Gateway to the Classics: The Tale of Cuffy Bear by Arthur Scott Bailey
The Tale of Cuffy Bear by  Arthur Scott Bailey

Cuffy and the Wonderful Spring

T HE pricks of the porcupine's quills made Cuffy Bear's paws so sore that it was several days before he could run about again. And during all that time Cuffy was a very good little bear. He did not cuff his sister Silkie once. You see, he knew it would hurt his sore paws if he did.

The days were still fine. Cuffy loved to feel the bright sunshine upon his black coat. It warmed him through and through and he did not care at all if his feet did  get wet in the melting snow.

At last one afternoon when his paws were quite well again Cuffy strayed some distance down the side of Blue Mountain. He was alone, because Silkie was asleep. You know, she was younger than Cuffy and still had to take naps. Cuffy had slid and tumbled down the mountainside until he was further from home than he knew. It did seem good to be able to put his paws upon the ground again without whimpering with pain. And coming to a short, steep place, Cuffy felt so glad that he actually turned a somersault and landed in a heap at the foot of the bank. He sat there for a moment, brushing the soft snow out of his face, when a flash of light dazzled his eyes. It came from a tree right in front of him. And Cuffy at once jumped up and ran to see what it was. He found that some one had fastened a shiny, new tin bucket to the trunk of the tree.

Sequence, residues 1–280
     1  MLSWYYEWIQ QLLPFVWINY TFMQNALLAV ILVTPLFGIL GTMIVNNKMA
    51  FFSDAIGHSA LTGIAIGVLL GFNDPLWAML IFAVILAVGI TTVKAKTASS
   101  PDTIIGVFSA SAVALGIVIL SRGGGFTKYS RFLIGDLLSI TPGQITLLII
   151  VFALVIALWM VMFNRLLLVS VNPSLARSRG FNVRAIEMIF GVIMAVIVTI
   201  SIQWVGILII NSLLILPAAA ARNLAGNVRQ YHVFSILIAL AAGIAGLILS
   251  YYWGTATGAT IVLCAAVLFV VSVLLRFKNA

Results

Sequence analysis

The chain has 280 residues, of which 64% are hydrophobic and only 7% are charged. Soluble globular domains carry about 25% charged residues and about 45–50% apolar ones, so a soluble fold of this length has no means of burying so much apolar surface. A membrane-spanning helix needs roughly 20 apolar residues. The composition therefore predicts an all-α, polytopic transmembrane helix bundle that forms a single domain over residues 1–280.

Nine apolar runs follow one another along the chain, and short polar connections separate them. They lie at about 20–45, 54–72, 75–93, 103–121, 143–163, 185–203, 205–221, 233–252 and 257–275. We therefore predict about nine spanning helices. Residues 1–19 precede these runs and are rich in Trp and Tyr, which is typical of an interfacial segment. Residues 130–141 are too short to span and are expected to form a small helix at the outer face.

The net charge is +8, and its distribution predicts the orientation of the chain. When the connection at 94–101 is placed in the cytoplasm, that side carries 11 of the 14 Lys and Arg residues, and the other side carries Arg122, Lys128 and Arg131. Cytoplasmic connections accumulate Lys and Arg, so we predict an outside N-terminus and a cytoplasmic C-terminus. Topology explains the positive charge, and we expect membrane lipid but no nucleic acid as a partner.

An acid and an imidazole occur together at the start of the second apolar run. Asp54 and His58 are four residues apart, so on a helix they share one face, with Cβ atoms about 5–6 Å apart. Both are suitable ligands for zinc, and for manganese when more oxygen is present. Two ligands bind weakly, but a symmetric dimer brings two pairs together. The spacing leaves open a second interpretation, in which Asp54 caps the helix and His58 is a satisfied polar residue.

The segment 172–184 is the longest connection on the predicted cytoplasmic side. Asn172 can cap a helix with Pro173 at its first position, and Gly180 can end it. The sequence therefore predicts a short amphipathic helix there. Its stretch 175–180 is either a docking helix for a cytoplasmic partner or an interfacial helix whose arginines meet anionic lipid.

Cuffy felt that he must  have that bucket to play with. He knew that he could have heaps of fun rolling it about on the ground. And he was just going to knock it off the hook that held it when he noticed that a small spout had been driven into the tree just above the bucket. And as Cuffy stood there on his hind legs, reaching up as high as he could, he saw a tiny drop fall from the spout and go splash! into the bucket. Then, as he watched, another drop fell; and another and another and another. Cuffy wondered where they came from. It must be—he thought—that there was a spring inside that tree. Yes! he was sure of it, for the bucket was half full of water. He felt thirsty, for he had not had a drink since lunch-time. And so Cuffy stuck his head into the pail and took a good, big swallow.

The next instant he squealed with joy. It was the nicest water he had ever tasted in all his life, for it was quite sweet—just as if somebody had left a heap of honey in the bottom of the bucket. But when Cuffy licked the end of the spout with his little red tongue he found that that tasted sweet too. Yes! it certainly was a wonderful spring. Cuffy was very glad that he had found it. And he decided that he would drink all he could of the delicious, sweet water and leave the pail hanging there. Then he could come back the next day and there would be more of that wonderful water all ready and waiting for him to drink up.

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